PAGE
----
• Kacen Callender

WIP: The First of Many

Hey, all! I was writing a pep talk as a guest for a newsletter, when I realized that the pep talk was making some assumptions about the writers who would be reading the post (basically, about where they are in their writing careers)… So I decided to go with a different direction, but to post the original pep talk here instead, in case it might be helpful for anyone. :)

I’ve always put an immense amount of pressure on myself, to the point where it has (and still can) get in the way of my writing—a mental block, rather than a writer’s block. Over the course of ten-plus years up until 2016, I attempted dozens and dozens of manuscripts, but typed “the end” on three. It was mostly because I told myself that I wasn’t good enough, wouldn’t be able to write an amazing novel, and so gave up before I even really began.

Only one thing helped me get over the hurdle and begin to write more manuscripts from beginning to end: I realized that my writing journey isn’t just about the first book—it’s about the career. It’s about the many books I (and we all) will write. When I realized that, it suddenly became a lot easier to write. Writing one book wasn’t much in comparison to the dozens I began to plan to write. Letting go of attempting the first draft of a manuscript, knowing that it wasn’t working and was hindering me from growing and learning as a writer, was a lot easier knowing there would be dozens, maybe even hundreds, more to come. Suddenly, one single book, one single manuscript, didn't have nearly as much pressure on it to succeed, and I was able to move past my mental blocks.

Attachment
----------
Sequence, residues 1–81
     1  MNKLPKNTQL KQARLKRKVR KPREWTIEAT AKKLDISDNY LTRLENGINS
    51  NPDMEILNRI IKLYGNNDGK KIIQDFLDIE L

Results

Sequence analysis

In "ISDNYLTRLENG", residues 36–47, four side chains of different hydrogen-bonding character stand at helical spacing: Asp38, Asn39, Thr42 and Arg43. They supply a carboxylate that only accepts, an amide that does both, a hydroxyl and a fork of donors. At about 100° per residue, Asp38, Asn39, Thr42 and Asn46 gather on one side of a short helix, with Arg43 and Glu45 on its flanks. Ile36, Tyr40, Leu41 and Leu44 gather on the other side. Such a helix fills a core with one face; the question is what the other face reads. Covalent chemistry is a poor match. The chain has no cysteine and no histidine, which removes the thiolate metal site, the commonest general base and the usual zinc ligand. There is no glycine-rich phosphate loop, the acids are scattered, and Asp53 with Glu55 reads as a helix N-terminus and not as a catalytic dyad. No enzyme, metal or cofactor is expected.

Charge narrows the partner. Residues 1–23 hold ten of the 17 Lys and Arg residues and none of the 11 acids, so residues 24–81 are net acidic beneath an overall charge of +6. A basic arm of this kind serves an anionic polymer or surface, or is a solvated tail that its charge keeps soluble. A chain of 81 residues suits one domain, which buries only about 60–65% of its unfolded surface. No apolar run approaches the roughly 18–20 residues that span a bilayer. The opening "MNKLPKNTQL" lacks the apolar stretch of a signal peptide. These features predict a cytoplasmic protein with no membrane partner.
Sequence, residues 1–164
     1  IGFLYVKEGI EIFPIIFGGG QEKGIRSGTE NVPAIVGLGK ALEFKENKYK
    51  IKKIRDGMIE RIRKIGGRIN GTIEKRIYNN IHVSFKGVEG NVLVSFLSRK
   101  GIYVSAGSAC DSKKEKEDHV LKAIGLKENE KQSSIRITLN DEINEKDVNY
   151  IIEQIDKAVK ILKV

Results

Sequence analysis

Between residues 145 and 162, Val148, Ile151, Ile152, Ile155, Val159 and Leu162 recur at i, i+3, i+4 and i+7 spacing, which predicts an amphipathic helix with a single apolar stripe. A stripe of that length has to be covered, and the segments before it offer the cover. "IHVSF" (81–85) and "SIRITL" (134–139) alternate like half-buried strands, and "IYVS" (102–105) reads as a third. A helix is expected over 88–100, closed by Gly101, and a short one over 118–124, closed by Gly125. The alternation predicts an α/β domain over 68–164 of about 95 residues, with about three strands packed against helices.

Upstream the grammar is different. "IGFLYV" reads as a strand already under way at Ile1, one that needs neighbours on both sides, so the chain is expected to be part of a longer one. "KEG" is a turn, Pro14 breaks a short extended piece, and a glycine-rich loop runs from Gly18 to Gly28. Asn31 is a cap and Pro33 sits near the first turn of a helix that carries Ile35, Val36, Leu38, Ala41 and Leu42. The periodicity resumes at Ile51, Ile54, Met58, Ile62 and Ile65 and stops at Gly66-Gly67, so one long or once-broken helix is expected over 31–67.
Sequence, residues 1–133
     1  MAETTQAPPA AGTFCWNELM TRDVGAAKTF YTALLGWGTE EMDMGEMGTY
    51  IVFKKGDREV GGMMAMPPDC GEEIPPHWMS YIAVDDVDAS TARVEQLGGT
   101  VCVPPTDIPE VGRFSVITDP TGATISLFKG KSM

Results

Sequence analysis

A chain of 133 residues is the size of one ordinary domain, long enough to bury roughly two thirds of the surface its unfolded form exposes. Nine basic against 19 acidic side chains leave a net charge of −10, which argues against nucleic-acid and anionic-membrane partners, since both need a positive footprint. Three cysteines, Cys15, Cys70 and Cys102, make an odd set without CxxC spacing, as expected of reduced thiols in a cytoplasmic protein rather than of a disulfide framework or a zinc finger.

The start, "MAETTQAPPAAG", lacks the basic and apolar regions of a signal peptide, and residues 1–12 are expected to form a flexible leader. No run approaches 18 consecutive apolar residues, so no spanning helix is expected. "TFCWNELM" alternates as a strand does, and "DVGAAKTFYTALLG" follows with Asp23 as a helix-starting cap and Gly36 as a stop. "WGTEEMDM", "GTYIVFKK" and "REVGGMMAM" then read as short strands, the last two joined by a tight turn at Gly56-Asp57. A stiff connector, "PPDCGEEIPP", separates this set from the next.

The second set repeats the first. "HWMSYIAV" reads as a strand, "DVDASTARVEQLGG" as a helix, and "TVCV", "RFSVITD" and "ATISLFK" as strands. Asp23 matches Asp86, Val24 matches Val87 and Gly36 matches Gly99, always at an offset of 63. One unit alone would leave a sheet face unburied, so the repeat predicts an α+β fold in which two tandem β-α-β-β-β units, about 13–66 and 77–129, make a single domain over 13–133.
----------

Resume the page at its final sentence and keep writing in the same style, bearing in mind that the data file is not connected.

Back when I was writing Hurricane Child, I realized that even if this book, right here and now, isn’t the book that will jumpstart my career, there will be a book that will be the first; I realized in the next drafts of books I began that the books I write now will never go to waste on this journey as I learn how to write, learn how to tell stories, better than before. If I put my manuscript in a metaphorical drawer and come back to it, I’ll be able to come back with better knowledge of how to make it work, how to make it better. This thought process isn't always perfect. I still feel mental blocks from time to time (as I wrote about in Failed WIPs). But this change in thinking, remembering to look at the overall career instead of only the next book in line, definitely helps.

I felt desperate to be published for those first ten years, agonizing over whether my dream would ever come true. The moment I stopped agonizing in desperation, the moment I released and let go and surrendered to the fact that, yes, I would definitely be published eventually, whether it was with the manuscript I was drafting or not, was the moment everything began to click into place. It was my own agonizing that got in my way. Stopping, letting go, and seeing another path open is what led me on the path I’m on now. There were many misses along the way, even then: I moved onto a contemporary that got me my first agent, but never sold; I worked on a second novel with that agent, but editorial differences made me realize it wasn’t working, and we agreed to part ways (which, for me, was incredibly painful after so many years of hoping to find an agent). I met another agent with yet another manuscript that never sold, before I wrote Hurricane Child. But even all of these misses helped me in the long run: I’d started to practice writing many books pretty quickly, something I might not have learned had I continued to stick to one manuscript for years and years, trying to force it to work.

I guess the advice here comes down to this: if you're feeling stuck, know that your writing path is not just the one book you're writing now, in order to unblock the path you're meant to be on.

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